Select Page

Farewell Speech

November 7, 1874 — Farewell tour, after her appearance as Lady Macbeth, Booth’s Theatre, New York City

 

“Beggar that I am, — I am even poor in thanks,” but I thank you! Gentlemen, the heart has no speech; its only language is a tear or a pressure of the hand, and words very feebly convey or interpret its emotions. Yet I would beg you to believe that in the three little words I now speak — “I thank you” — there are heart-depths which I should fail to express better though I should use a thousand other words. I thank you, gentlemen, for the great honor you have offered to me. I thank you not only for myself, but for my whole profession, to which, through and by me, you have paid this very graceful compliment.

If the few words I am about to say savor of egotism or vainglory, you will, I am sure, pardon me, inasmuch as I am here only to speak of myself! You would seem to compliment me upon an honorable life. As I look back upon that life it seems to me that it would have been absolutely impossible for me to have led any other. In this I have, perhaps, been mercifully helped more than are many of my more beautiful sisters in art. I was, by a press of circumstances, thrown at an early age into a profession for which I had received no special education or schooling, but I had already though so young, been brought face to face with necessity. I found life sadly real and intensely earnest; and in my ignorance of other ways of study, I resolved to take therefrom my text and my watchword; to be thoroughly in earnest, intensely in earnest, in all my thoughts and in all my actions, whether in my profession or out of it, because my one single idea. And I honestly believe herein lies the secret of my success in life. I do not believe that any great success in any cart can be achieved without it!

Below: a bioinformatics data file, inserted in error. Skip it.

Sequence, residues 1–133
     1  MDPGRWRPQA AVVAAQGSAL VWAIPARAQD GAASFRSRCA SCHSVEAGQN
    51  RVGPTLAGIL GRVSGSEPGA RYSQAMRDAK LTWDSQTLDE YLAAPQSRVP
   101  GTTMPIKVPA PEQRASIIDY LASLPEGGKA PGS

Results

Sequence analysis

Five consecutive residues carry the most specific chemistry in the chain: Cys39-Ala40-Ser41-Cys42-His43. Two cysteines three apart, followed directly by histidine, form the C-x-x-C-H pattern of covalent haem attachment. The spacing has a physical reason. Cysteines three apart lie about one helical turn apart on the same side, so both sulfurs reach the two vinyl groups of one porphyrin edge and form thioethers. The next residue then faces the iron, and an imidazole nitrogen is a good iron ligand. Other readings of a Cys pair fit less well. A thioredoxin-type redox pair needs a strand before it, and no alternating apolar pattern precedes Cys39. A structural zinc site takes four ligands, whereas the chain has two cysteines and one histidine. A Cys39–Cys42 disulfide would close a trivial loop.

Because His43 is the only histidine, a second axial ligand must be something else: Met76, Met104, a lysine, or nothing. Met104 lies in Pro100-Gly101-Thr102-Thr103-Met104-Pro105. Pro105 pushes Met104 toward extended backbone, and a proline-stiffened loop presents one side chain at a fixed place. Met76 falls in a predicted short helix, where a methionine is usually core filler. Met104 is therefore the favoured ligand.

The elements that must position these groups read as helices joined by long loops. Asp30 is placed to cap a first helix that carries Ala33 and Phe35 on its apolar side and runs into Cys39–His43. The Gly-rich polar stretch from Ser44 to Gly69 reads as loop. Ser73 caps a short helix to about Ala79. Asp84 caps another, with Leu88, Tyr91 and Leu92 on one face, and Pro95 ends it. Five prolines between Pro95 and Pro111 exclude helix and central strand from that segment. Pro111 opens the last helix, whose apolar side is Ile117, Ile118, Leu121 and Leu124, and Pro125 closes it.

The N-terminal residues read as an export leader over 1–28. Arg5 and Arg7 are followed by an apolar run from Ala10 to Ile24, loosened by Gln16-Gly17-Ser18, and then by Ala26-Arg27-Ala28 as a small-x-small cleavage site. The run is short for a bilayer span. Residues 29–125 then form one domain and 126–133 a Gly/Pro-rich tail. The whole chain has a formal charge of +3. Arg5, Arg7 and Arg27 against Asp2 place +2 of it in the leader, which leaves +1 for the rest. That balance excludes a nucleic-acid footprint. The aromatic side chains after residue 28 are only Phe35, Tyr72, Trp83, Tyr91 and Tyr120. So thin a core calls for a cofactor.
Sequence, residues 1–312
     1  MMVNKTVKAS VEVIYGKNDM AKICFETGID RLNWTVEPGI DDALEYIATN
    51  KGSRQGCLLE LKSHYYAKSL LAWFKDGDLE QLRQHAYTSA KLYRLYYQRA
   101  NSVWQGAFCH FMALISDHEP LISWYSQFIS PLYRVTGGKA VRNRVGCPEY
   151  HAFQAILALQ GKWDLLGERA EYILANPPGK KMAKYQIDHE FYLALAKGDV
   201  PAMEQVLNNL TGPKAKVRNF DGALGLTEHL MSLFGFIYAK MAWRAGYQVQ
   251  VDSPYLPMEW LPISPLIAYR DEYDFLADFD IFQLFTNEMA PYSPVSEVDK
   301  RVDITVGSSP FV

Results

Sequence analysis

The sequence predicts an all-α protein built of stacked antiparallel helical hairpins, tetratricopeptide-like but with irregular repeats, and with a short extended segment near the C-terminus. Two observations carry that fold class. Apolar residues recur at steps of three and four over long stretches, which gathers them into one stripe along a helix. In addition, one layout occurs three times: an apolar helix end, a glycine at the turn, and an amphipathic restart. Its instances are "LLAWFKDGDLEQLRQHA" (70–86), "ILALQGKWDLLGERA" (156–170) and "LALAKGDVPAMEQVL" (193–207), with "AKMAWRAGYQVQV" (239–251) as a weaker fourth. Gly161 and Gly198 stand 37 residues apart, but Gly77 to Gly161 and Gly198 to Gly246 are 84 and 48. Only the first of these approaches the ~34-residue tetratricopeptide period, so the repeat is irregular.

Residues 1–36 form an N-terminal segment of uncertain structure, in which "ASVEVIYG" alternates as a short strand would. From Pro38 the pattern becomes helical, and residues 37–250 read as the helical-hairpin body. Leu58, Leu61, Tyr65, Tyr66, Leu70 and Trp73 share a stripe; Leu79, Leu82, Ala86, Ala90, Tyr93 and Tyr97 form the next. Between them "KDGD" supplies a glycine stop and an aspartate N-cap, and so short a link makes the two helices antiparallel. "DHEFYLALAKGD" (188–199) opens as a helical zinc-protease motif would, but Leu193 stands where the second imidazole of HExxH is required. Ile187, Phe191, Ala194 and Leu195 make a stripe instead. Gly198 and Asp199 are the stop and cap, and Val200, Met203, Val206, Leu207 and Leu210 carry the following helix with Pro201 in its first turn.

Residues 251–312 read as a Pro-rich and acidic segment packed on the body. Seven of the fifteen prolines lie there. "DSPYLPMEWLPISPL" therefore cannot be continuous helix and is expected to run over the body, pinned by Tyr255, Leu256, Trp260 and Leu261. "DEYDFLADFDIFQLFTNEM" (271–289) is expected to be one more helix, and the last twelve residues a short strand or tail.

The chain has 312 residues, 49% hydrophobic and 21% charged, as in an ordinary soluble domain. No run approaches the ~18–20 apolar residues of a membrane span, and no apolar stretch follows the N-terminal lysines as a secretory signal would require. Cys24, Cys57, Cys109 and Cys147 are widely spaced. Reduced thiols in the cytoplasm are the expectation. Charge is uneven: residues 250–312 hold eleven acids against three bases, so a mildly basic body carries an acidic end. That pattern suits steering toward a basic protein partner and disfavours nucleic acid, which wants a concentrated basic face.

I say this to the beginners in my profession; and I am sure all the associates in my art, who have honored me with their presence on this occasion, will indorse what I say in this. Art is an absolute mistress; she will not be coquetted with or slighted; she requires the most entire self-devotion, and she repays with grand triumphs!

To you, Gentlemen of the Arcadian Club, and to all who have united to do me honor; to the younger poet who has enthroned me in his verse, and to the older poet who brings the prestige of his name and fame to add a glory to the crown he offers me; to the managers of this theatre, who have so liberally met all my wishes and requirements during this engagement, s well as to the members of the company who have so cheerfully seconded my efforts; and last, not least, to the members of my profession who have so graciously added by their presence to the happiness of this occasion, — I return my cordial thanks.

To my public, — what shall I say? From the bottom of my heart I thank you, who have given me always consideration, encouragement, and patience; who have been ever my support, my comfort, my main help! I do not now say farewell to you in the usual sense of the word. In making my final representations upon the mimic scene, in the various cities of the country, I have reserved to myself the right of meeting you again — where you have made me believe that I give you the pleasure, which I receive myself at the same time — at the reading desk. To you, then, I say, may you fare well, and may I fare well, until at no distant day we meet again there. Meanwhile, good, kind friends, good-night! and God be with you.

 

 

Source: Charlotte Cushman, by Clara Erskine Clement (Boston: James R. Osgood and Company) 1882, pp. 120-122.